The world of our time is changing dramatically and cultural habits are evolving in society with the wave of these changes. Glór na nGael works with families all over the island to provide them with advice, support and assistance in strengthening the Irish language in the home. It happened this year that we had to be resourceful in how to better serve Irish committees and families. The difficulties of the current global crisis have been discussed in some detail but with the advent of the virus came a number of opportunities for Irish speakers far and wide.
These changes are affecting Irish culture and it is good to normalize bilingualism as is the case in other countries. I spent many summers living in places around the world. Wherever I set foot there was one common feature that I immediately noticed. The naturalness and normality of bilingualism in other countries was relative to our own culture. No one has ever apologized to me for speaking their own language or a foreign language in my company.
Human habits change after a while and Rosann Henry, a parent of two children with Irish in Kilkenny City, feels that people are very sympathetic to the language and that people are praised when they hear Irish spoken in the company of English speakers.
“I don’t really try to change my language habits in a certain society when I’m just talking to my own children.”
This approach not only helps their own children but also positively attracts the attention of others. “It stimulates a person’s curiosity when we hear their language spoken naturally and not make a big deal out of it”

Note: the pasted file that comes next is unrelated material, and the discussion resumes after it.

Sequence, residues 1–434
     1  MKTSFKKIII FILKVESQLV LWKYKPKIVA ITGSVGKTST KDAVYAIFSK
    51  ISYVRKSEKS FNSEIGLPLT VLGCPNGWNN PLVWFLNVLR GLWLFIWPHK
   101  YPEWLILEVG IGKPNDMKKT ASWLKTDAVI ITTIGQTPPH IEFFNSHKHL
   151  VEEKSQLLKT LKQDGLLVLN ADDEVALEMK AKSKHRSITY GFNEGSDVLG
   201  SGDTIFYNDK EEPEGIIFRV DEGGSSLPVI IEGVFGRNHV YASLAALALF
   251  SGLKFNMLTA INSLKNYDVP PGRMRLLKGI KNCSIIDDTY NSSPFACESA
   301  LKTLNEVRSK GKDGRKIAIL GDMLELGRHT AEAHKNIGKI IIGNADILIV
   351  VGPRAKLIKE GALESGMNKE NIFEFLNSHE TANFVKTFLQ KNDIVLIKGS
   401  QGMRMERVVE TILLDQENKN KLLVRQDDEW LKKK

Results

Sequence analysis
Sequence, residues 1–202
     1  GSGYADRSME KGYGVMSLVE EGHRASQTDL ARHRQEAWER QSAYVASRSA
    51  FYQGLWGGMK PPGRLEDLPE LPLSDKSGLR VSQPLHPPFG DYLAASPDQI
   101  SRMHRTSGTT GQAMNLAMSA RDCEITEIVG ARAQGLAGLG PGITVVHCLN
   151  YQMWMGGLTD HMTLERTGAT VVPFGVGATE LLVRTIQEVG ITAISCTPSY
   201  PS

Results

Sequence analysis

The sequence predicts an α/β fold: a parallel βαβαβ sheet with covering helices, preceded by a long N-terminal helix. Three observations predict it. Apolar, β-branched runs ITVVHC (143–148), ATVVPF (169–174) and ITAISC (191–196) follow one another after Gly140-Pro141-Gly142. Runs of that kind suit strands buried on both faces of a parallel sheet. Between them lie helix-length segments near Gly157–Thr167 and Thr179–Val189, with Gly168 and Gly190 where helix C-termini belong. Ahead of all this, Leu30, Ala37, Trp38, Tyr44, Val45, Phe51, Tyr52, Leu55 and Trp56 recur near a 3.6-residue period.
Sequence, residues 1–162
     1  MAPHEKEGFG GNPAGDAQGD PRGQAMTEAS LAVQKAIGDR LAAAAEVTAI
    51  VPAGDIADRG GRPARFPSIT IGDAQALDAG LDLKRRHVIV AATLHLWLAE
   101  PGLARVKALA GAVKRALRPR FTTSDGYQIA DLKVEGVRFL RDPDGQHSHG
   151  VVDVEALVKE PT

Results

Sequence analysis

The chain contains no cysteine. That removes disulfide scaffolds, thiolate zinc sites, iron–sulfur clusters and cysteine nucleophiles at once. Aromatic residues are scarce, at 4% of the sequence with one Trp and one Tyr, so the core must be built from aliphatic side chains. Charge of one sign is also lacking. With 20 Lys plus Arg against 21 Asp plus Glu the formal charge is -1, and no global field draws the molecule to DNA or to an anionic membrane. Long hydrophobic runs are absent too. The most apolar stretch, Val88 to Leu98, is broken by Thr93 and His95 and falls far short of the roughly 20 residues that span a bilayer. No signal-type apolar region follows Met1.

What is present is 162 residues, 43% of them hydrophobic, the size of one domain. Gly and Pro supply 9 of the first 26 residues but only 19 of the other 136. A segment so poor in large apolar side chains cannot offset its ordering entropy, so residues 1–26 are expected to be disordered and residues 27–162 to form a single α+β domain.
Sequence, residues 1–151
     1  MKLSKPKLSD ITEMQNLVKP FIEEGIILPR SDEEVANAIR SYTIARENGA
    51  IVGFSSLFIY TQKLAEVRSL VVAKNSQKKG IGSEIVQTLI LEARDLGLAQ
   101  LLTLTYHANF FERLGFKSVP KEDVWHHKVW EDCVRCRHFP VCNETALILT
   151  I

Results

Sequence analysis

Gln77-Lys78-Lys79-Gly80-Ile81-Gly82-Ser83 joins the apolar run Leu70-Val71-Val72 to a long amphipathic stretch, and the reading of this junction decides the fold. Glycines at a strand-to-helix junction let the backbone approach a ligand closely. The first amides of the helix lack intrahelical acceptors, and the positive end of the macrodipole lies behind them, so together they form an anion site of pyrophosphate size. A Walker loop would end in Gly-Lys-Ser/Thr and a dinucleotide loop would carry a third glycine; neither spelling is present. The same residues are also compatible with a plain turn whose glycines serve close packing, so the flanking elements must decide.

Recent research shows us that children accept habits in their own environment. They are greatly influenced by their own peers as they age but accept what is accepted in society. This is a great reason not to apologize for speaking Irish in the company of people who are not fluent in Irish. There is nothing wrong with speaking English when necessary but difficulties are created when the child is informed that Irish is an exceptional thing.
One of the main goals of the Home Language is to create public opportunities for families to speak the language. The scheme supports the efforts of parents at home and takes the language out of the school grounds to public places where people can hear the language as a normal part of everyday life. In fact, the cultures of tomorrow depend on the will of the family to promote the language.